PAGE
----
“Do you read German?”
The question was asked as my folks and I, a few weeks ago, were poking around a new shop near their home in the Hudson valley called Quittner Antiques. It almost startled me. Not because the question was out of context— we were looking at a framed print of the Brooklyn Bridge with a German inscription—but because of the tone of voice in which the young woman at the shop counter posed it: a keen, downright bushy-tailed manner that seemed to promise I can tell you all about it.
That sort of experience picks me up these days. So far, it’s been a rather dreary year in the universe of this magazine, what with—among other things—museums from Philadelphia to Pasadena, California, in trouble or closing; and the loss of figures such as Richard Hampton “Dick” Jenrette, that chevalier of historic preservation. (You can meet Dick’s successor at the head of the Classical American Homes Preservation Trust in this issue’s Endnotes column: his nephew, Dr. Joseph “Buddy” Jenrette III of Charleston.)
Lately, I’ve had several other encounters with younger people as refreshing as the one at Quittner Antiques. There’s a fellow I met named Lansing Moore Jr., twenty-eight, the son and namesake of a respected New York art conservator, who works for nonprofits such as the Central Park Conservancy and is an energetic promoter of both the Young Georgians—the under-forty wing of the anglophile American Friends of the Georgian Group—and Young Folk, who are patrons of the American Folk Art Museum.
This past August at the New Hampshire Antiques Dealers Association show in Manchester, I spent some time in the booth of dealer Adam Irish. He runs a shop called Old as Adam in Portsmouth, New Hampshire, with an inventory of art, Americana, and vintage clothing. (A 2009 graduate of Middlebury College, he wrote his senior thesis on men’s neckties of the 1940s and ’50s.) In Manchester, the playful, off beat pieces Irish had on offer—a crumb sweeper and pan in the shape of hands; the “smallest known portrait of George Washington,” about the size of a pinkie finger print—were evidence of an already mature taste for the eccentric.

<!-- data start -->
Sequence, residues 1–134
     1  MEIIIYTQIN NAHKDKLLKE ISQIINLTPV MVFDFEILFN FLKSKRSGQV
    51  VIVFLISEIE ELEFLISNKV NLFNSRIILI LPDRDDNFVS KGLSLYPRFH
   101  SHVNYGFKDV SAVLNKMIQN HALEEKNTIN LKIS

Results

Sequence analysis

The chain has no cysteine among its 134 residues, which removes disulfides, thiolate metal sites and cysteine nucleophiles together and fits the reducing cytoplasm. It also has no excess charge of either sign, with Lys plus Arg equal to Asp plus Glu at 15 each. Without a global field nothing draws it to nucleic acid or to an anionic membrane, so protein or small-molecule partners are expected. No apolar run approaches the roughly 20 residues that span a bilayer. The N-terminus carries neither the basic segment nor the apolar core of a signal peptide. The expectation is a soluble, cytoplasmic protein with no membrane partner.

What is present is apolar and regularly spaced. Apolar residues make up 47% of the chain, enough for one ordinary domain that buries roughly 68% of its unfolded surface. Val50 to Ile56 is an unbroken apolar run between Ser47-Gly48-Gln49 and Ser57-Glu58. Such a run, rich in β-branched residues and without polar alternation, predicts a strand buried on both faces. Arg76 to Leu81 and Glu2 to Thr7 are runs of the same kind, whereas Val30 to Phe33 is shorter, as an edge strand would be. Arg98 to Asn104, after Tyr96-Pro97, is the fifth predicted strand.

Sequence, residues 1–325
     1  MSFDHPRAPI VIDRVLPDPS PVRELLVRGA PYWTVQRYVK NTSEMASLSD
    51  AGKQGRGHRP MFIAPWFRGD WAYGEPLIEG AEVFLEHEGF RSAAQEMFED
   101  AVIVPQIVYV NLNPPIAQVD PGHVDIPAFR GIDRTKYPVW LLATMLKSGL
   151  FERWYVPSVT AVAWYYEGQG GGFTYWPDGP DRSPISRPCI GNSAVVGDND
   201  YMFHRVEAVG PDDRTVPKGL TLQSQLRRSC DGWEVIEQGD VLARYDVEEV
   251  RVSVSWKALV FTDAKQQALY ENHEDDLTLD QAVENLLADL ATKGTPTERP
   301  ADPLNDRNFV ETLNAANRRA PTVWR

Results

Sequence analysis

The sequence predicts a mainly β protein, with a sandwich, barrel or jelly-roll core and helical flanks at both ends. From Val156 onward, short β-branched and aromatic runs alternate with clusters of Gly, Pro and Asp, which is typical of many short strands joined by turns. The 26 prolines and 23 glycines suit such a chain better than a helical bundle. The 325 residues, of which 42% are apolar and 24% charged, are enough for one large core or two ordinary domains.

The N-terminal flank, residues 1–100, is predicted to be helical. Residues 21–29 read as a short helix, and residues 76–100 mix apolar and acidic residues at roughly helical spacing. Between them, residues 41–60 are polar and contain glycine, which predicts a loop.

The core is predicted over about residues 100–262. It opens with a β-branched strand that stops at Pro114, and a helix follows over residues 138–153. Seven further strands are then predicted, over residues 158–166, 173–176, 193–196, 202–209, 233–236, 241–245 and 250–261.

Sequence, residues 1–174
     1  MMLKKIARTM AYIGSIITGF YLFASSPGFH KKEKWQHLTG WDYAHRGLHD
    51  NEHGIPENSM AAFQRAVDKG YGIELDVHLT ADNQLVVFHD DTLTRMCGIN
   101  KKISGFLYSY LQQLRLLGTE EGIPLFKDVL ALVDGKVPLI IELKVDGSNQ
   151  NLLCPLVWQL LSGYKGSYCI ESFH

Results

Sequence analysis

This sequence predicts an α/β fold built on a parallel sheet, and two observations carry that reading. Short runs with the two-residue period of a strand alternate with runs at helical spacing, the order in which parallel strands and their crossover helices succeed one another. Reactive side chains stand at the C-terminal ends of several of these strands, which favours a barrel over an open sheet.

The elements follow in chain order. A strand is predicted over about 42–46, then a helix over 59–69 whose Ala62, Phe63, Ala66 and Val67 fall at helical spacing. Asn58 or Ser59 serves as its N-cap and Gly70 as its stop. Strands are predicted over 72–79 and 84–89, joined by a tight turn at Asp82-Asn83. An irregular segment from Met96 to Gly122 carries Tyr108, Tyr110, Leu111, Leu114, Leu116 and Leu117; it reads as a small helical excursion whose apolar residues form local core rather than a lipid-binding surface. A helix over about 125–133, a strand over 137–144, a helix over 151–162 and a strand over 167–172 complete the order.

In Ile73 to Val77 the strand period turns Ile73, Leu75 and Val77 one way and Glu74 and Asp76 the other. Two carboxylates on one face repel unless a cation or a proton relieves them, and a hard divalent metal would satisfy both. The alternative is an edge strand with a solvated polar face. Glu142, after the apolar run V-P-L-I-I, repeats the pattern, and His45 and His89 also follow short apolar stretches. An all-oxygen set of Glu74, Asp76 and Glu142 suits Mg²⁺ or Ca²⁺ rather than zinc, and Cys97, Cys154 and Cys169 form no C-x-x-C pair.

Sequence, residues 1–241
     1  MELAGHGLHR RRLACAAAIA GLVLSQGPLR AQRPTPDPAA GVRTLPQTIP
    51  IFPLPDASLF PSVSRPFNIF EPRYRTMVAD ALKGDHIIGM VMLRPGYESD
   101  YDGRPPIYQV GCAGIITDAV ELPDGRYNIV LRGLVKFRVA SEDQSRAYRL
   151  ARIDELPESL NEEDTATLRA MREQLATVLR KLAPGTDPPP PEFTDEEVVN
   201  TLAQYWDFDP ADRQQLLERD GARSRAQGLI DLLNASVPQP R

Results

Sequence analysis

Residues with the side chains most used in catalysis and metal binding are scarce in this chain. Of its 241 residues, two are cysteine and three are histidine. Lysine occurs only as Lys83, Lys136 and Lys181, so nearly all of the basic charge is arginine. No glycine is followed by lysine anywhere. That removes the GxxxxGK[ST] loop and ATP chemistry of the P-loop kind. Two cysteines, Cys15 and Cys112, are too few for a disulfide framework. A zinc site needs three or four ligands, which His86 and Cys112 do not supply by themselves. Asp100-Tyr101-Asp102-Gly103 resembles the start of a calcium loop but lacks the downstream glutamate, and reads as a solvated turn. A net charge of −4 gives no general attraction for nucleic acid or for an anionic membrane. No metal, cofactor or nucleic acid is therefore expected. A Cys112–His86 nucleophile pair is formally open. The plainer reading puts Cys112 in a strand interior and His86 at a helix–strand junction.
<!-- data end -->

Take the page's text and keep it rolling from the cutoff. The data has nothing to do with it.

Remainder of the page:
Back to the folks at Quittner. The shop, where they also do repairs, was opened this May by Benjamin Davidson, twenty-seven, who built up a large collection of antiques and oddities while working on historic home restoration and preservation projects in and around Philadelphia. When he moved to the Hudson valley to be closer to family, it seemed a good time to hang out a shingle. “Ben is really skilled at finding things that other people don’t see as valuable,” says his friend Pippa Biddle, twenty-six, who asked that question about language aptitude. A writer by trade, she has fond memories of time spent in an antiques-filled early eighteenth-century house in Delaware that is owned by her family. And she is, of course, a Biddle.
If Davidson is soft-spoken and probably happiest when fixing a vintage lamp, and Biddle is more effervescent, both demonstrate an engaging enthusiasm and depth of knowledge when discussing the things in their shop—from that Brooklyn Bridge print (which came from a German newspaper, c. 1870, touting the engineering marvel under construction in New York), to an African hardwood sword of great age, to a late nineteenth-century “invalid’s chair” that they traced to a Manhattan manufacturer by scouring advertisements in archival copies of the New York Times. “The chair is remarkably comfortable,” Biddle says. “We each like to sit in it with the dog and read.”
And it’s comforting, in turn, for us to know that young people like them are so at ease in the world of antiques.